Reporting outcomes of back pain trials: A modified Delphi study

This data was imported from PubMed:

Authors: Froud, R., Breen, A. et al.

Journal: Eur J Pain

Volume: 15

Issue: 10

Pages: 1068-1074

eISSN: 1532-2149

DOI: 10.1016/j.ejpain.2011.04.015

BACKGROUND: Low back pain is a common and expensive health complaint. Many low back pain trials have been conducted, but these are reported in a variety of ways and are often difficult to interpret. AIM: To facilitate consensus on a statement recommending reporting methods for future low back pain trials. METHODS: We presented experts with clinicians' views on different reporting methods and asked them to rate and comment on the suitability reporting methods for inclusion in a standardized set. Panellists developed a statement of recommendation over three online rounds. We used a modified Delphi process and the RAND/UCLA appropriateness method as a formal framework for establishing appropriateness and quantifying panel disagreement. RESULTS: A group of 63 experts from 14 countries participated. Consensus was reached on a statement recommending that the continuous patient-reported outcomes commonly used in back pain trials, are reported using between-group mean differences (accompanied by minimally important difference (between-group/population-level) thresholds where these exist), the proportion of participants improving and deteriorating according to established and relevant minimally important change thresholds, and the number needed to treat; all with 95% confidence intervals. Outcomes may additionally be reported using alternative approaches (e.g. relative risks, odds ratios, or standardized mean difference) according to the needs of a particular trial. CONCLUSIONS: A group of back pain experts reached a high level of consensus on a statement recommending reporting methods for patient-reported outcomes in future low back pain trials. The statement has the potential to increase interpretability and improve patient care.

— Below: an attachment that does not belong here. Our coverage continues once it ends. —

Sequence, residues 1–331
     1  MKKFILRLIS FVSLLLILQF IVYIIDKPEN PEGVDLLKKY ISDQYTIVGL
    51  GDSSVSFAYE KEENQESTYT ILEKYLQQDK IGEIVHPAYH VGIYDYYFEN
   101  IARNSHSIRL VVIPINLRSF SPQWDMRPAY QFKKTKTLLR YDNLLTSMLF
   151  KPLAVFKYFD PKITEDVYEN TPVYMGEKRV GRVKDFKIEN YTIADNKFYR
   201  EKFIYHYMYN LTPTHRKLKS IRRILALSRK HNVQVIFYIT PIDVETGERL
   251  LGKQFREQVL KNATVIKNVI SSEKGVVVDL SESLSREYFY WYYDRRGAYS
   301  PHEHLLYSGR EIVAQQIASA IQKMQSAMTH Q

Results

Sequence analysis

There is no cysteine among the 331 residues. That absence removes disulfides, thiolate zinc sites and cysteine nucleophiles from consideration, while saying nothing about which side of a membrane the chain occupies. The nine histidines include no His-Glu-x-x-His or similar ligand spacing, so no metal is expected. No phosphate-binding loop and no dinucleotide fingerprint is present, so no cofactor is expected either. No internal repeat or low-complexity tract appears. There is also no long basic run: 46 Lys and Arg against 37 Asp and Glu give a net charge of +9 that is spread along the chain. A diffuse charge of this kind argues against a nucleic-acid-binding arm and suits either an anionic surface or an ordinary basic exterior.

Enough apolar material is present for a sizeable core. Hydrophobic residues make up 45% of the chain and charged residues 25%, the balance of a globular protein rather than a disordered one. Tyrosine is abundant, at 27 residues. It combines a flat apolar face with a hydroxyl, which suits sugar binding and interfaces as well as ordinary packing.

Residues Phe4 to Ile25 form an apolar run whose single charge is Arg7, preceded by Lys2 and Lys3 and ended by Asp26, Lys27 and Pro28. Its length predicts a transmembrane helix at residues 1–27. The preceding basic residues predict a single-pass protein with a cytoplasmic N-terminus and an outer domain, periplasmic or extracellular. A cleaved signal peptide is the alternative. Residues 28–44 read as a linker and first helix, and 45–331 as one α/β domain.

This data was imported from Scopus:

Authors: Froud, R., Breen, A. et al.

Journal: European Journal of Pain

Volume: 15

Issue: 10

Pages: 1068-1074

eISSN: 1532-2149

ISSN: 1090-3801

DOI: 10.1016/j.ejpain.2011.04.015

Background: Low back pain is a common and expensive health complaint. Many low back pain trials have been conducted, but these are reported in a variety of ways and are often difficult to interpret. Aim: To facilitate consensus on a statement recommending reporting methods for future low back pain trials. Methods: We presented experts with clinicians' views on different reporting methods and asked them to rate and comment on the suitability reporting methods for inclusion in a standardized set. Panellists developed a statement of recommendation over three online rounds. We used a modified Delphi process and the RAND/UCLA appropriateness method as a formal framework for establishing appropriateness and quantifying panel disagreement. Results: A group of 63 experts from 14 countries participated. Consensus was reached on a statement recommending that the continuous patient-reported outcomes commonly used in back pain trials, are reported using between-group mean differences (accompanied by minimally important difference (between-group/population-level) thresholds where these exist), the proportion of participants improving and deteriorating according to established and relevant minimally important change thresholds, and the number needed to treat; all with 95% confidence intervals. Outcomes may additionally be reported using alternative approaches (e.g. relative risks, odds ratios, or standardized mean difference) according to the needs of a particular trial. Conclusions: A group of back pain experts reached a high level of consensus on a statement recommending reporting methods for patient-reported outcomes in future low back pain trials. The statement has the potential to increase interpretability and improve patient care. © 2011 European Federation of International Association for the Study of Pain Chapters. Published by Elsevier Ltd. All rights reserved.